Recondite but fertile analogies

The opening of Bertrand Russell’s preface to a 1914 translation of Poincaré’s Science and Method:

Henri Poincaré was, by general agreement, the most eminent scientific man of his generation—more eminent, one is tempted to think, than any man of science now living. From the mere variety of subjects which he illuminated, there is certainly no one who can appreciate critically the whole of his work. Some conception of his amazing comprehensiveness may be derived from the obituary number of the Revue de Métaphysique et de Morale (September 1913), where, in the course of 130 pages, four eminent men—a philosopher, a mathematician, an astronomer, and a physicist—tell in outline the contributions which he made to several subjects. In all we find the same characteristics—swiftness, comprehensiveness, unexampled lucidity, and the perception of recondite but fertile analogies.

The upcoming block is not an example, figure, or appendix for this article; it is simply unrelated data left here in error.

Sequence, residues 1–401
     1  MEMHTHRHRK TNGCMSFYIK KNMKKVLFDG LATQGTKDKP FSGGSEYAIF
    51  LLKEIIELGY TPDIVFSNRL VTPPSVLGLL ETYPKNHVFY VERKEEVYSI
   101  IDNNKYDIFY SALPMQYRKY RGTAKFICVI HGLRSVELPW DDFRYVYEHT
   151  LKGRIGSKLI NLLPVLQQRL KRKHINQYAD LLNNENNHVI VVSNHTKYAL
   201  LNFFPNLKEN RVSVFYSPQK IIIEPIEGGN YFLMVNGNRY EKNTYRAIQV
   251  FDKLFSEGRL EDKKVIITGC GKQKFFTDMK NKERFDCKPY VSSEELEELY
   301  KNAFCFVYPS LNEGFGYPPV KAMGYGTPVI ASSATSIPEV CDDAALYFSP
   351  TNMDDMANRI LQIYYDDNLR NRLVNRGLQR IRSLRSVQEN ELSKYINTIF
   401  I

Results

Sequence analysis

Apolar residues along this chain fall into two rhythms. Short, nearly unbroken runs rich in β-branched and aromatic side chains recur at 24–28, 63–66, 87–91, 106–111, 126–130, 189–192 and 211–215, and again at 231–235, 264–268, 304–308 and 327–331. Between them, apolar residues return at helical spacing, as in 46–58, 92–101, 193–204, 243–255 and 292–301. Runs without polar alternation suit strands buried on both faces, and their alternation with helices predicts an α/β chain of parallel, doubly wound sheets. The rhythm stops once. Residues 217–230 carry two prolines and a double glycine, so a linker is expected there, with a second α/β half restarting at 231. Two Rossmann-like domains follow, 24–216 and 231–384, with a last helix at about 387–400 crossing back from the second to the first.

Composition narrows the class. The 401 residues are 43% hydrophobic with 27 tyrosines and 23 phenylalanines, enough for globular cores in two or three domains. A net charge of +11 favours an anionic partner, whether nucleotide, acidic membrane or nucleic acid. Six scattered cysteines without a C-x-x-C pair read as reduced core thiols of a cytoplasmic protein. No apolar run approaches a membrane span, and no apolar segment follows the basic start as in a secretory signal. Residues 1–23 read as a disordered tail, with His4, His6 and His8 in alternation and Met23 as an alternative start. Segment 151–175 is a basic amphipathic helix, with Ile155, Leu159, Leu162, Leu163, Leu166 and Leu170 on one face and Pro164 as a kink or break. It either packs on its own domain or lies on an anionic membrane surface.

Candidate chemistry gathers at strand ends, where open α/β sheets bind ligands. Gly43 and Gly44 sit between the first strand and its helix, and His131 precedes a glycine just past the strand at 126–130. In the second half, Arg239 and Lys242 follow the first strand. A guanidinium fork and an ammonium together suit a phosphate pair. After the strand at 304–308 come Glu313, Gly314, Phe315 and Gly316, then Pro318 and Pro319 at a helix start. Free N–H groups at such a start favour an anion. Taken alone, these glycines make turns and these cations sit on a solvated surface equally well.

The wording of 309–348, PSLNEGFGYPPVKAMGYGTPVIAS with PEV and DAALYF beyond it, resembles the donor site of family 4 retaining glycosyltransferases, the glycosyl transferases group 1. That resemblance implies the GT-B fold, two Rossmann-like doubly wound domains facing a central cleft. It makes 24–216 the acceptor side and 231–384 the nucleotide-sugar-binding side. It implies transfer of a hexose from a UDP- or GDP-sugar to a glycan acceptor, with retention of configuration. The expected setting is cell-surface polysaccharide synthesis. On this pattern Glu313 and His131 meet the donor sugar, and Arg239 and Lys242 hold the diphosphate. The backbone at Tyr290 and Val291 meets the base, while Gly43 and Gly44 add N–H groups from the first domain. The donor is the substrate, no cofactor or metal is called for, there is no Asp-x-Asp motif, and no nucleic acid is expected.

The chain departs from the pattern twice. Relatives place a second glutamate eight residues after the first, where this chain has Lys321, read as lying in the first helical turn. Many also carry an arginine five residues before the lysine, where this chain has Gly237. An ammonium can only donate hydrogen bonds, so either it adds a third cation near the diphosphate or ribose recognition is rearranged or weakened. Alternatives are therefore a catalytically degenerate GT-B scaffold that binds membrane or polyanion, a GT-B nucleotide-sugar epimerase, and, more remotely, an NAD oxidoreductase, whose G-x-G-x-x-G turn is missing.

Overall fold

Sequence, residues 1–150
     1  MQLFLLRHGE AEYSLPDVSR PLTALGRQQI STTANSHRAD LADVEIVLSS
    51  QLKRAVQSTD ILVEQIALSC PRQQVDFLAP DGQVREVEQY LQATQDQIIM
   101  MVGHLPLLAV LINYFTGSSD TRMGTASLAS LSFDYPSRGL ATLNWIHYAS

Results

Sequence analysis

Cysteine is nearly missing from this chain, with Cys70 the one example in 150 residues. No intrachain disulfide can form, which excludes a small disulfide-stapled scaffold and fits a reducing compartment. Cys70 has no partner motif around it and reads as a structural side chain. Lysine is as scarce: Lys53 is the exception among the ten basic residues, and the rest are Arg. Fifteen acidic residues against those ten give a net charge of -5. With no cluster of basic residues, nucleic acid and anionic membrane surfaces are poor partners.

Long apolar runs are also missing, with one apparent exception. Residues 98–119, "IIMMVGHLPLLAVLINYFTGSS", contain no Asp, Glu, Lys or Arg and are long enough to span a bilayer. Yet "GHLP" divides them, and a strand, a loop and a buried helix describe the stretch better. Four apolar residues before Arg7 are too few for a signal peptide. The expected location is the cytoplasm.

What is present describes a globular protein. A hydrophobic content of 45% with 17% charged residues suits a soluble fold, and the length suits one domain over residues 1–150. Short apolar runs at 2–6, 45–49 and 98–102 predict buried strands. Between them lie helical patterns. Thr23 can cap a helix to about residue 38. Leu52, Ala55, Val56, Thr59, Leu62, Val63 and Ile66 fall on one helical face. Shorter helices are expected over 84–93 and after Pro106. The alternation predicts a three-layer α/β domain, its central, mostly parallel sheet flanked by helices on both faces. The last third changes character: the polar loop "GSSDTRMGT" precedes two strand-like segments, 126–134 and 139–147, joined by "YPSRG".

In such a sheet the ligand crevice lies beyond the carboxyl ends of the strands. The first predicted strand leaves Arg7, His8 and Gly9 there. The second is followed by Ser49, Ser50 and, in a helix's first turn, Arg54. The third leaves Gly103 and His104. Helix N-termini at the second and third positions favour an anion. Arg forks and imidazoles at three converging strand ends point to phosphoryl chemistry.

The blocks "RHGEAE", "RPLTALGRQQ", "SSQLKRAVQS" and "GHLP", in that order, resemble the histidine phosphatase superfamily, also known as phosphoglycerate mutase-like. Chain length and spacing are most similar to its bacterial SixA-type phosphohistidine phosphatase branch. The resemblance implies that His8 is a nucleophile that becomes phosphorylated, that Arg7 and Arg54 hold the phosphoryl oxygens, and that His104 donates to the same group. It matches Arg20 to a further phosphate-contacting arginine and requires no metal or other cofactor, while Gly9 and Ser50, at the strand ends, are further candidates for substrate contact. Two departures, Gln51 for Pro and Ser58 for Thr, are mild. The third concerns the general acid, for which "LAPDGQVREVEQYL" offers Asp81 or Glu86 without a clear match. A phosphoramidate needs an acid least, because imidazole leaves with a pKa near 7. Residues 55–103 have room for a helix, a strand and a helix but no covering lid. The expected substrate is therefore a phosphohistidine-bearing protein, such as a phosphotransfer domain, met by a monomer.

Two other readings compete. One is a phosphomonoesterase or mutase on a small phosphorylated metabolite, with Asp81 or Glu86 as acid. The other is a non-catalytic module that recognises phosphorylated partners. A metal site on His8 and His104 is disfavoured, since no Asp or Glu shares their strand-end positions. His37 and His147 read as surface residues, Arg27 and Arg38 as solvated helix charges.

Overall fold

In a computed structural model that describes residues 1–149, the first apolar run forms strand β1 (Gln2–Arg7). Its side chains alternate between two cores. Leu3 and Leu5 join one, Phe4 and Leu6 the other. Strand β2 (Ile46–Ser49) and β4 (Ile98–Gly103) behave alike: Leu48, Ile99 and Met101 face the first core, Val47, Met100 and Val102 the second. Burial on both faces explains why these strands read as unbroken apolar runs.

Too comfortable in his own skin

Arthur Krystal on Jacques Barzun and Lionel Trilling:

As students and instructors at Columbia they had only a nodding acquaintance. Barzun, tall, fair-haired, Gallically handsome, was self-assured and interested in history, theater, music, and detective stories. Trilling, shy, intense, on the short side, was keen on Freud, Marx, and American fiction. To a budding and brooding intellectual like Trilling, the young Barzun seemed too comfortable in his own skin; there was no angst, no alienation. “Such awareness as we first had of each other,” Trilling recalled, “was across a barrier which had about it something of a barricade.” Meanwhile, in Barzun’s eyes, Trilling seemed “content to do well, with little exertion, in what he liked and to stumble through the rest.” Upon learning they would be paired up, neither one jumped at the prospect.